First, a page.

Those of you who have been reading these posts for a while, may have picked up on the fact that our team has an interest in the retirement living sector.
Ensuring that we are able to support and cater for the needs of a rapidly changing society will benefit everybody - not just those approaching (or over) the age of retirement - and the planning system has a key role to play in achieving this.
Carl Dyer, who leads our planning team, has been speaking to Planning Resource about the benefits that planning properly for the elderly can have for society as a whole. A link to the article can be found below.
In particular, he points out that:
"It's incredibly efficient in planning terms .... The high numbers of staff employed by these facilities means "you immediately create 100 relatively low-skilled jobs for local people", he points out. Then there's a knock-on benefit as the... new residents downsize: "Pretty much all of those 100 people will move out of a home in the area and release it to the local market"
Unfortunately, despite both the social and planning benefits involved in properly providing for the older members of our community, not enough is currently being done. Of the fifty Local Planning Authorities that we have samples only eight had specific planning policies in place to ensure that suitable homes were provided for the elderly; and only seven had any type of allocation for the need.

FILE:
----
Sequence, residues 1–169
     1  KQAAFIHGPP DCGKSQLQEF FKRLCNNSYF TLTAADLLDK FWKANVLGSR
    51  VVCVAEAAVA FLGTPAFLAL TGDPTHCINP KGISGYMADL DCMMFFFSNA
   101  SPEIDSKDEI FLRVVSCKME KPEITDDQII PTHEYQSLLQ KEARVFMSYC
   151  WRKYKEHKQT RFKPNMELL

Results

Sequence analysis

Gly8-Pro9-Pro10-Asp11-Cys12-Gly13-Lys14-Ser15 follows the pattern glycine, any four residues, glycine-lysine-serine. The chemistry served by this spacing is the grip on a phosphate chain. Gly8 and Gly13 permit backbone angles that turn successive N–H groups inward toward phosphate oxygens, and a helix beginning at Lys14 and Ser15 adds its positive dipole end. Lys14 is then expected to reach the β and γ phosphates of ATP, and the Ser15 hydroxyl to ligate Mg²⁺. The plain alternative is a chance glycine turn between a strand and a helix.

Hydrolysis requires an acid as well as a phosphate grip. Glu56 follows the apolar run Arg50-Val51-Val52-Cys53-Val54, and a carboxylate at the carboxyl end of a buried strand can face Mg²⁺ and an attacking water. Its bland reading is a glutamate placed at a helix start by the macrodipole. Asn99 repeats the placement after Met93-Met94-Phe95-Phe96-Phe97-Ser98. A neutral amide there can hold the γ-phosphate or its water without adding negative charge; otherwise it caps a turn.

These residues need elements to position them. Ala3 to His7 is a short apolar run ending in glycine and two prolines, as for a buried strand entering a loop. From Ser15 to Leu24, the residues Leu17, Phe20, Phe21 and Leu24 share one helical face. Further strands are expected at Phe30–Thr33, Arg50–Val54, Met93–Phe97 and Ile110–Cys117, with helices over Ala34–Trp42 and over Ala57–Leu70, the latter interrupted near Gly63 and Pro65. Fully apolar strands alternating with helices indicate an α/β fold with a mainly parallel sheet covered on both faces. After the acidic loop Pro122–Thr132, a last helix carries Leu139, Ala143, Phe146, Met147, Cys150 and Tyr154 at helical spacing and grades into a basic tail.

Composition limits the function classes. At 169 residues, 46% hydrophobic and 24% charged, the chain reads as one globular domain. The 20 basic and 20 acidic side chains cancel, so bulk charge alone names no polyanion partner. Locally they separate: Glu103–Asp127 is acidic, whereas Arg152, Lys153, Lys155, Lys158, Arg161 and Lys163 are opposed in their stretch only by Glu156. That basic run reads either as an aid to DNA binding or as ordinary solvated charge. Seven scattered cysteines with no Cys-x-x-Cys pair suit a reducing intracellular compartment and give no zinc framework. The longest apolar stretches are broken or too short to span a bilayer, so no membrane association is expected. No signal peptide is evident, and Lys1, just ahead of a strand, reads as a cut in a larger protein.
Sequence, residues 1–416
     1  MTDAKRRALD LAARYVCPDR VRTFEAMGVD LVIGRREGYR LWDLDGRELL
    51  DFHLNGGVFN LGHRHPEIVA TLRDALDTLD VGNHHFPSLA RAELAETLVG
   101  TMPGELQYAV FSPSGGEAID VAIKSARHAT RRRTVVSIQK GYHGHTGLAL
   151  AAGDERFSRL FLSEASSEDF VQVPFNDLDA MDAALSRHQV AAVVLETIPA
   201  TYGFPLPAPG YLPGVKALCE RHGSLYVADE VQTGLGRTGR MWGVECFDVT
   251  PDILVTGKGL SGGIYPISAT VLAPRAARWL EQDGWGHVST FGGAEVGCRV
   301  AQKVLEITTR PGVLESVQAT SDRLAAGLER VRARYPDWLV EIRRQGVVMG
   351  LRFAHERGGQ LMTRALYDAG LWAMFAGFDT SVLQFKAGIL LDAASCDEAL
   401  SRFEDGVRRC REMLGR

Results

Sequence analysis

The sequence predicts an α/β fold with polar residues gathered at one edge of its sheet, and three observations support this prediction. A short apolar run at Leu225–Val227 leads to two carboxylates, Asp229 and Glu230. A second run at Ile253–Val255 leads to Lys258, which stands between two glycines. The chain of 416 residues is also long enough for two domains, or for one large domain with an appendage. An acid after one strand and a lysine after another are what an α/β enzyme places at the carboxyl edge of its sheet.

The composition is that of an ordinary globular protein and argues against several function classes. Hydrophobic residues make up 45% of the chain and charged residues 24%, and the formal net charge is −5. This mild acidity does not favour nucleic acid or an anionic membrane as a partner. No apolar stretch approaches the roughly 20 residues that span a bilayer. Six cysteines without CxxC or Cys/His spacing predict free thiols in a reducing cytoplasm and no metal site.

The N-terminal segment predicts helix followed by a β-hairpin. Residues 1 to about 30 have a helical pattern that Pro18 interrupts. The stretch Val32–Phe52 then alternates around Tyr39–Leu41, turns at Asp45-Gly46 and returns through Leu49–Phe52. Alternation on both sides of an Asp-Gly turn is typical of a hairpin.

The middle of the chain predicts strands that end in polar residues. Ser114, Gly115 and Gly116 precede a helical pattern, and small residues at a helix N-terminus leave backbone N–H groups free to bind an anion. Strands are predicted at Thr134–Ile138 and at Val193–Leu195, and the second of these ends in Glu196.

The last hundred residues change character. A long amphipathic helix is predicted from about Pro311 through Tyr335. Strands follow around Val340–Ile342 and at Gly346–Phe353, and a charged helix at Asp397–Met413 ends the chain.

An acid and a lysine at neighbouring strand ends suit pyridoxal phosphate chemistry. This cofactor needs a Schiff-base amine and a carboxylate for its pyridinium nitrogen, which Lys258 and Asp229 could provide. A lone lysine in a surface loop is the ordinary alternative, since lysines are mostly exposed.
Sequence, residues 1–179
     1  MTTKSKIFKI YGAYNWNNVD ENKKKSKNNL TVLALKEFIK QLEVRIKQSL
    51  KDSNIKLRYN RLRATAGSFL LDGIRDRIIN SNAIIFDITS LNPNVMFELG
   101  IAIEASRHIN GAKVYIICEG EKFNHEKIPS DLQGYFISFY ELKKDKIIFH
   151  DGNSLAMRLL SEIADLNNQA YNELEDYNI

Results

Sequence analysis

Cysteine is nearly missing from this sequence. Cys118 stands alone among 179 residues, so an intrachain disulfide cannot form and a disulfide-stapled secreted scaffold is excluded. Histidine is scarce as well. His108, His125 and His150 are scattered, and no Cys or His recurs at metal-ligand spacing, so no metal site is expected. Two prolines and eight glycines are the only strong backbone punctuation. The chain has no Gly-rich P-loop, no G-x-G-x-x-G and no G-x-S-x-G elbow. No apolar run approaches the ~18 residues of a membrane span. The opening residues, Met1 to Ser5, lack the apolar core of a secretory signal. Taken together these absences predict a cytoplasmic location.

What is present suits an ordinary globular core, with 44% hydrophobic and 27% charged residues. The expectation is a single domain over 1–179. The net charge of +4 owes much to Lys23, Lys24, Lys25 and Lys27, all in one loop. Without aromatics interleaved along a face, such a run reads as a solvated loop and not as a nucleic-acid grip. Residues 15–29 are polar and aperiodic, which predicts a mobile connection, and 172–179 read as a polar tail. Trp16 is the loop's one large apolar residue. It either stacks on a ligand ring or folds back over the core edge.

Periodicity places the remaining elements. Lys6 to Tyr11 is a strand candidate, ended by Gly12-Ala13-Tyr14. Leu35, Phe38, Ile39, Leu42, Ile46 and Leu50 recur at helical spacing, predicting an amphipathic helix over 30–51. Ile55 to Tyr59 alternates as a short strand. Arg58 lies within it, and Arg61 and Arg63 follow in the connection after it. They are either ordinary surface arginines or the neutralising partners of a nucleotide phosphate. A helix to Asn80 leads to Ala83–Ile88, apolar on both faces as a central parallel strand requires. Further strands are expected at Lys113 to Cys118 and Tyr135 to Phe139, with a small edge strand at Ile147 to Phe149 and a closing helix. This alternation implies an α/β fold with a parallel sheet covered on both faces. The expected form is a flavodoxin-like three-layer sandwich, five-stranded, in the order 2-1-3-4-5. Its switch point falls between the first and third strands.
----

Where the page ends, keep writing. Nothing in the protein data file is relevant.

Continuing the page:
This needs to change. We can but hope that it will do so quickly.
Analysis conducted by Irwin Mitchell appears to back up Burgess's claim. The law firm ...looked at 50 councils ... Only eight were found to have specific planning policies on housing for older people and only seven had allocated sites for care homes ... a report published by the Greater London Authority last year found that only six of the 32 London boroughs had specific policies to address older people's housing needs. Developers also point to aspects of the planning system that they say discriminate against provision of elderly accommodation. Burgess says: "Retirement living should be exempt from affordable housing provision because of the very special benefits associated with it." Then there's the Community Infrastructure Levy (CIL), which Burgess says affects care home developers disproportionately due to the large communal areas which feature in many schemes.